Friday, April 21, 2006

on film actors and the stage.

I started reading David Edelstein when he was the film critic for Slate; then he left (or they fired him or something) and joined New York Magazine and I keep reading him (and Slate too -- amazing how we become loyal to people and things we never even know). He has a style of criticism I like, intensely expressive and very personal, a style that obviously descends from the great Pauline Kael. (Edelstein calls himself a "Paulette"). It is a style I wish I could write in. Fastidious literary critics don't like the Kael style since it is clearly imbued with what the New Critics called the "affective fallacy" -- the idea that a piece of art can be explored in terms of the feelings or emotions it arouses in a critic (or anybody else, for that matter). They have a point but Kael is such a joy to read -- so thought-provoking, so annoying, so intensely literary -- that one has to fall under her spell.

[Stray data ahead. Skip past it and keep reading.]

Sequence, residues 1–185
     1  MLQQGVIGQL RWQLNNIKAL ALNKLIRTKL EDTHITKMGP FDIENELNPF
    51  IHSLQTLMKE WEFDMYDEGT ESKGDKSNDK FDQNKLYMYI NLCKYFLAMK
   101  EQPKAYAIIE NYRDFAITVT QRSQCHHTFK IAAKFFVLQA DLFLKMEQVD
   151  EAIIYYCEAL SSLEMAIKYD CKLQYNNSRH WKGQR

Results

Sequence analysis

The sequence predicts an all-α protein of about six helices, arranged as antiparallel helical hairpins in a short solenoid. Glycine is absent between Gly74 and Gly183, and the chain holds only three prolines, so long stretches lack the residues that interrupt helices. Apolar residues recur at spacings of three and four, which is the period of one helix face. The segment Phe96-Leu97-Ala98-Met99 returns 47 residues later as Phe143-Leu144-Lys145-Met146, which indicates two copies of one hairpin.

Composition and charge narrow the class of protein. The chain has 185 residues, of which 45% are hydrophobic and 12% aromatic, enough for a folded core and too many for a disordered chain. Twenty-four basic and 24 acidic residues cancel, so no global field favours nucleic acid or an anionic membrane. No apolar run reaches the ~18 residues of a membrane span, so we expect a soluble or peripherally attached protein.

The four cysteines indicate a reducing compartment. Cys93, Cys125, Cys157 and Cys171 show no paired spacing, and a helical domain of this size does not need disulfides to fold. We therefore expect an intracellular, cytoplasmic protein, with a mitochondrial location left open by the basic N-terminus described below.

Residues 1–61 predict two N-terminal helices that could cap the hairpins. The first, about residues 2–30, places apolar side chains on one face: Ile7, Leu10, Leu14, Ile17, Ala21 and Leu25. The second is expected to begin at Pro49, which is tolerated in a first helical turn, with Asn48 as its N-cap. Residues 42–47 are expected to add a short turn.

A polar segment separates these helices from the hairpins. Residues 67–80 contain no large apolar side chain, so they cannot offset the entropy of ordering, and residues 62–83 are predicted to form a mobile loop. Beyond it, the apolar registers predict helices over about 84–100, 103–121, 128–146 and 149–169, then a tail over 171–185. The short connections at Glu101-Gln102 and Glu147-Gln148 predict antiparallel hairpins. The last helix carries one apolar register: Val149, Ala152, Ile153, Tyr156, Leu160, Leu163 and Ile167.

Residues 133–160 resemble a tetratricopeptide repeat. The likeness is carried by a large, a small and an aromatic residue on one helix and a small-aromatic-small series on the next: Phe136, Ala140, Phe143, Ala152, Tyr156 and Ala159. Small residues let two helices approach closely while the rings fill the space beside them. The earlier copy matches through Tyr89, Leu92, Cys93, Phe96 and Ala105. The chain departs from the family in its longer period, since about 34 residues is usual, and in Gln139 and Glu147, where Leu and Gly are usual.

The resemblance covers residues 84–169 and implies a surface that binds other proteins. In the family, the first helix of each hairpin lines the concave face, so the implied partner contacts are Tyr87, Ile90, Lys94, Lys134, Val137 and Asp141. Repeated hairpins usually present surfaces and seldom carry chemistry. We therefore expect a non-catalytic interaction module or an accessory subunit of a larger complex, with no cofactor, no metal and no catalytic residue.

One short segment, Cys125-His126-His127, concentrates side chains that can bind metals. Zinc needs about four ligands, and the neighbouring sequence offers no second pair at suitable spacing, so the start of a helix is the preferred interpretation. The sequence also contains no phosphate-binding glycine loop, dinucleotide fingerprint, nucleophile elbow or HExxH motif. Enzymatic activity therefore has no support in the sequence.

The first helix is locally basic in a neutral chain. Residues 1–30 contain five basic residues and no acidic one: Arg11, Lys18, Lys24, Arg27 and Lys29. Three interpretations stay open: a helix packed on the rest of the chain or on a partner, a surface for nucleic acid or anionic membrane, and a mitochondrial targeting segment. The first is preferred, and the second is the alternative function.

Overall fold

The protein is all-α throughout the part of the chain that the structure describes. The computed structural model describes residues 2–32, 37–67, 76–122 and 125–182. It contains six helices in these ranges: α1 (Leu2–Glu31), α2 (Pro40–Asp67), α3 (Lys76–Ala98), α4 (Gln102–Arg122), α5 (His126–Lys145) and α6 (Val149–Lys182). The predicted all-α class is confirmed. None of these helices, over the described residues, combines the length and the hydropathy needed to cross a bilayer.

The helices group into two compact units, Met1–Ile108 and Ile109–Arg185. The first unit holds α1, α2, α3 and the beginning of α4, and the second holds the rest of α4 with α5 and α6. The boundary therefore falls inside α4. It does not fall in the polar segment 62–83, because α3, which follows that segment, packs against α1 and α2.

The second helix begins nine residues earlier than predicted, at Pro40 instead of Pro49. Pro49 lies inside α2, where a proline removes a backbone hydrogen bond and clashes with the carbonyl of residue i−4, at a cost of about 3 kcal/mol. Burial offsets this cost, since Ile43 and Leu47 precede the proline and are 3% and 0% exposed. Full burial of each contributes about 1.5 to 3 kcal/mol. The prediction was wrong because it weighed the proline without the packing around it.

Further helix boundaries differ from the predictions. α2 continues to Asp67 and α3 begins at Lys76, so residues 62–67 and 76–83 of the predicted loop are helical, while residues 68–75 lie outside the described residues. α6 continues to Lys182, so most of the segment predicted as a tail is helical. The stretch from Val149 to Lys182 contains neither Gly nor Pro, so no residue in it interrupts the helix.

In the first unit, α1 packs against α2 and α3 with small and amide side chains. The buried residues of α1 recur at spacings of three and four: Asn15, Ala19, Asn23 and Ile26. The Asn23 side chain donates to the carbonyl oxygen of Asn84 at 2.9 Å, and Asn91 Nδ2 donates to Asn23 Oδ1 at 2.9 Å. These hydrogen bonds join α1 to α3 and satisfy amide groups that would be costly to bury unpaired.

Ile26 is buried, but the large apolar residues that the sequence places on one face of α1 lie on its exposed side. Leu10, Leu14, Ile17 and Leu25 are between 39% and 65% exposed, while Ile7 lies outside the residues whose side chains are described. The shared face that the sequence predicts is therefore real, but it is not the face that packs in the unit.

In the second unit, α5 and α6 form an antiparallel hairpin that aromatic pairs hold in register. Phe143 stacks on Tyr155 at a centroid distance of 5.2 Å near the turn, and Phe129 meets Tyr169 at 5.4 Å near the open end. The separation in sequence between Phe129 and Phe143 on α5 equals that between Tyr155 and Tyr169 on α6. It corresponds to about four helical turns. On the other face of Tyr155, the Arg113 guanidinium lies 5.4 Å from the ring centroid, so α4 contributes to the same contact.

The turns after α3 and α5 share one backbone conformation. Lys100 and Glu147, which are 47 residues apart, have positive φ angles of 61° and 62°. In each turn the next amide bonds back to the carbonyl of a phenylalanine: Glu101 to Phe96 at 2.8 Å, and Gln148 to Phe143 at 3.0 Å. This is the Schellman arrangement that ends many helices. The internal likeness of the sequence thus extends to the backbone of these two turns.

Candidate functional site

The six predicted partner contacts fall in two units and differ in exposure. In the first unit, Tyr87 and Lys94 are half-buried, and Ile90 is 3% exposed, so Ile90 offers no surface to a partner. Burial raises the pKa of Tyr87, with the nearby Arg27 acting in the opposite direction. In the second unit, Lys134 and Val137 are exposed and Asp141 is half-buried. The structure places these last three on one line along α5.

In the recent issue of New York, Edelstein has an essay on Julia Roberts' first stage performance, in a Joe Mantello-directed production of Richard Greenberg's Three Days of Rain. I had the opportunity of seeing Greenberg's Take Me Out on Broadway (also directed by Mantello) and that production, with its magnificent performance by Denis O'Hare, introduced me to Greenberg's style -- talky, literary but where language is stretched to breaking point and where words, simply by their presence and their layering, attain heights undreamt of. Edelstein's analysis of Roberts in her first stage-role is not entirely unexpected: Julia is still, well, Julia but she's not quite at home on the stage.

UPDATE: Reviews of Three Days of Rain at the Post and the Times say much the same thing.

(I had the same experience when I saw Ewan McGregor, the man who lit up Moulin Rouge with his voice and the abosolute sincerity of his performance, in a West End production of Guys and Dolls. It's not the McGregor does a disservice to the play, it's just that he's upstaged by all the seasoned theater veterans around him -- who are so at home in their bodies and so good at making their bodies and their voices lenses into the souls of their characters).

1 comment:

Anonymous said...

please mark titles with quotation marks.